Think about all the companies that use a modern, web-based CRM, based on approximate customer count:
- Salesforce.com: ~140,000
- SugarCRM: ~10,000
- Microsoft Dynamics CRM: ~40,000
- Netsuite: ~13,000
- Total: ~200,000 companies
Now, look at the major marketing automation vendors based on approximate customer count:
- Marketo: ~2,400
- Pardot: ~1,900
- Eloqua: ~1,500
- HubSpot: ~1,800 (this is a guess as many of their customers use the blogging and SEO tools, with the marketing automation piece growing quickly)
- Act On: ~1,400
- Total: 9,000
Note: customer counts are all educated guesses based on published information and industry knowledge.
So, with roughly 200,000 companies using a modern, web-based CRM and only 9,000 using a B2B marketing automation system, there’s unbelievable room for growth. Marketing agencies and lead generation experts would do well to develop a marketing automation practice and get out ahead of the curve. Per adoption, we’re just about to cross the chasm into the early majority and the number of companies that use that software will explode.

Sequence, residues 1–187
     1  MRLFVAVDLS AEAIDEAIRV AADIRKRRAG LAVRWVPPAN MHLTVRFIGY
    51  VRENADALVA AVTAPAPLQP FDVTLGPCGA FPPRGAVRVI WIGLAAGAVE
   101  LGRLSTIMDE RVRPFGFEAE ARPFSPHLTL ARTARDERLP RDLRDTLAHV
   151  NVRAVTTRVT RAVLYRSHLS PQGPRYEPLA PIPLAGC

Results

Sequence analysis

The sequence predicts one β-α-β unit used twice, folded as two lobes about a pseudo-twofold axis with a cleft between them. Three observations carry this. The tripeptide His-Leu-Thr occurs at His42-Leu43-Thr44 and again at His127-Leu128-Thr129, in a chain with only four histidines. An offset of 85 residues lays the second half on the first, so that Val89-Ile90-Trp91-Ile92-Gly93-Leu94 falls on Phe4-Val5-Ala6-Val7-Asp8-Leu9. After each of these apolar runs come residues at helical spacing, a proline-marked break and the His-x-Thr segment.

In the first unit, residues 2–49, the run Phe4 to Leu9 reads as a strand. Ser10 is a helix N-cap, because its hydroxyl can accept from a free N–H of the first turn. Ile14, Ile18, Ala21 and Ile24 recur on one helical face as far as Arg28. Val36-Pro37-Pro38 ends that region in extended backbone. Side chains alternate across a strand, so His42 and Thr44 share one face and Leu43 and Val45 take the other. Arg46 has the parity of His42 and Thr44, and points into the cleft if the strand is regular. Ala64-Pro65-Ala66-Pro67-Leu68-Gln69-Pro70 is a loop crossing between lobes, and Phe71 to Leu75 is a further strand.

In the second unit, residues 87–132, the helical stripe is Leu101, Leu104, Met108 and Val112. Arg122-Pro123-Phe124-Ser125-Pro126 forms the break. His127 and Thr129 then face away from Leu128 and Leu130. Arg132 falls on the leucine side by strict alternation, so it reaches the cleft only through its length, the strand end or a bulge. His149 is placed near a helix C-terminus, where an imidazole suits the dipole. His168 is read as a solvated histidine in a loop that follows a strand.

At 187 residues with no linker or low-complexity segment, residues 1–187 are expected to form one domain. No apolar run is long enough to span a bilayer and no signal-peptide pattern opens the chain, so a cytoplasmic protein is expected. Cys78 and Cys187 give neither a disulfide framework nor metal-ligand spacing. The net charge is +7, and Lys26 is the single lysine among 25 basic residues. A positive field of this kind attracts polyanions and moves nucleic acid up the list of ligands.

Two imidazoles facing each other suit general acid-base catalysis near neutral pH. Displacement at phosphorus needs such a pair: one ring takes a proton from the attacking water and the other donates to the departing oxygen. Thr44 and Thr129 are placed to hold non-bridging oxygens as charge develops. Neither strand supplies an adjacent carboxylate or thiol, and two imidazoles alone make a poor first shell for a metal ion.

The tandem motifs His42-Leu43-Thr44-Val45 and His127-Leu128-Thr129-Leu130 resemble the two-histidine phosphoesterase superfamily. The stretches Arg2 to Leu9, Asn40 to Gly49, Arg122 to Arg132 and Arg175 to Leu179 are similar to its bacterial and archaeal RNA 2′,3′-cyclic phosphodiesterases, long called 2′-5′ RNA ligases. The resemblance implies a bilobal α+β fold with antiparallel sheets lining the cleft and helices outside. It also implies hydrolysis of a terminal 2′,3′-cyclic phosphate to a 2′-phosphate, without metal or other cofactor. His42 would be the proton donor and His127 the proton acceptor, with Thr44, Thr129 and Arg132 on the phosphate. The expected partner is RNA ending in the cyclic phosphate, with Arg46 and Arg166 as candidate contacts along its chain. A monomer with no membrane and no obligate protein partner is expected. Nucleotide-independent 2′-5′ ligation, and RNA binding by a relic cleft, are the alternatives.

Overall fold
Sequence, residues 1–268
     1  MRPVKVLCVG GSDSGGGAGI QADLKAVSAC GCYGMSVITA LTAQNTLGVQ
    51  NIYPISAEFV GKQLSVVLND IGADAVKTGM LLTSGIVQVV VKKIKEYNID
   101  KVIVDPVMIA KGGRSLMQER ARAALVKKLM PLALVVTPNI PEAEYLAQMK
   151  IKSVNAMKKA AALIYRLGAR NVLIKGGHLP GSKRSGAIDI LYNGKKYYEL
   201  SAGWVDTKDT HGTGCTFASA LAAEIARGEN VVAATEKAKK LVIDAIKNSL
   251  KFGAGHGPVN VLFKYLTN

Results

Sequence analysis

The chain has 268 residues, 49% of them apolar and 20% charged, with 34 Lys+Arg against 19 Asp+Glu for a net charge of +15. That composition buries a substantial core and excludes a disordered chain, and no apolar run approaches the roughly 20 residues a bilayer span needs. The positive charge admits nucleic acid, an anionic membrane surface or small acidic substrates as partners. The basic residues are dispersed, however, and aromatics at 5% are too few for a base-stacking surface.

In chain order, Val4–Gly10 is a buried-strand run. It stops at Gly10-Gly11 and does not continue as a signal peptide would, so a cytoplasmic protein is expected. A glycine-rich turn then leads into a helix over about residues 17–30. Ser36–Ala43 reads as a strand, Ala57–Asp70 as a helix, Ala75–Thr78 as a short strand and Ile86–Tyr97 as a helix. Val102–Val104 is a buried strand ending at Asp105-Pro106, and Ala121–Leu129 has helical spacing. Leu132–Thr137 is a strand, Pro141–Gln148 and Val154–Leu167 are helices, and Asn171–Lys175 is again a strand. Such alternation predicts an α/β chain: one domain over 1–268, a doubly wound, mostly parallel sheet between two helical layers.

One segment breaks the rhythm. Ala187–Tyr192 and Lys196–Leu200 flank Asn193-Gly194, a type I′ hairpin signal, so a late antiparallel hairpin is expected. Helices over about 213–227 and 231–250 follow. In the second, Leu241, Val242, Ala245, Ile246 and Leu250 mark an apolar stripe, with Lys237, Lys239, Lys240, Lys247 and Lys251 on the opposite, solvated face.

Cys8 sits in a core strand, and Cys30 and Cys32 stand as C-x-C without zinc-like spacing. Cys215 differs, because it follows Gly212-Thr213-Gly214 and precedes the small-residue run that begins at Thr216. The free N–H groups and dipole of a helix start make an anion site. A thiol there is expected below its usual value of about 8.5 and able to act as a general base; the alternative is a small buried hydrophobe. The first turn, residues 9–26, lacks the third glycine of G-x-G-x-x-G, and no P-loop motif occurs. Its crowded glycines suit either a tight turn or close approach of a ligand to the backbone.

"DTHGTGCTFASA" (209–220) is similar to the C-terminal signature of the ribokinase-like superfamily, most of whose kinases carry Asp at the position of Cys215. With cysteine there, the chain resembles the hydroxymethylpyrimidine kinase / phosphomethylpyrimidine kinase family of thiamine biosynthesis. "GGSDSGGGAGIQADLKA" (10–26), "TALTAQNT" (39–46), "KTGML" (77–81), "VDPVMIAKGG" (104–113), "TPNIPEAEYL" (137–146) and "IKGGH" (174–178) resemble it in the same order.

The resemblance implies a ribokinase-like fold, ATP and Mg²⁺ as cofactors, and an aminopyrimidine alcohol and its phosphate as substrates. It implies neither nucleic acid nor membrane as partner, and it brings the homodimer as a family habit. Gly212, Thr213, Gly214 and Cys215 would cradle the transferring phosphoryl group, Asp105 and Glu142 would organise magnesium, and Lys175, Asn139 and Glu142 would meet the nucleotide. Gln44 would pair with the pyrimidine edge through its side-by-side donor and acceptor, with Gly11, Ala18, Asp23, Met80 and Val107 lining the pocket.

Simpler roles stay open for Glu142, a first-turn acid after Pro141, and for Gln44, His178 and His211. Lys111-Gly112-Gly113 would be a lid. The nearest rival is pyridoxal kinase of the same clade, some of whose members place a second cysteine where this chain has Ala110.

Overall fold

What else? What are your thoughts on the coming wave of marketing automation adoption?
As I sat down to write this post I noticed it was warm in the room. Not thinking twice, I loaded up my Nest iPhone app and promptly lowered the temperature for the area. That is, I took advantage of the Internet of Things — the idea that everyday objects become connected to the internet and can communicate in new ways.
Here’s my current list of internet-enabled objects that were traditionally isolated:
- Tesla Model S – From my iPhone I can control the car’s A/C, sunroof, charging, door locks, see how many miles of range is left on the battery, and see the GPS location overlaid on a map.
- Nest – The thermostat is tracking our usage patterns to learn how we live so that it can optimize for our lifestyle while saving money on our energy bills. As a bonus, if we go on a trip and set the temperature to 80 while we’re gone, from my iPhone I can lower the temperature a few hours before we return so we get home to a cooler house.